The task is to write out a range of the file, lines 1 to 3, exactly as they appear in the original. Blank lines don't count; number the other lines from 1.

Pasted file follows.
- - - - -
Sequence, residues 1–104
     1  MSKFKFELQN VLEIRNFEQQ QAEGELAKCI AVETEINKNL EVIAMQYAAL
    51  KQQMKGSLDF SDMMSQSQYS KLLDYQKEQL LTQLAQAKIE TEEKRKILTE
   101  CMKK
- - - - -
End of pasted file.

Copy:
Sequence, residues 1–104
     1  MSKFKFELQN VLEIRNFEQQ QAEGELAKCI AVETEINKNL EVIAMQYAAL
    51  KQQMKGSLDF SDMMSQSQYS KLLDYQKEQL LTQLAQAKIE TEEKRKILTE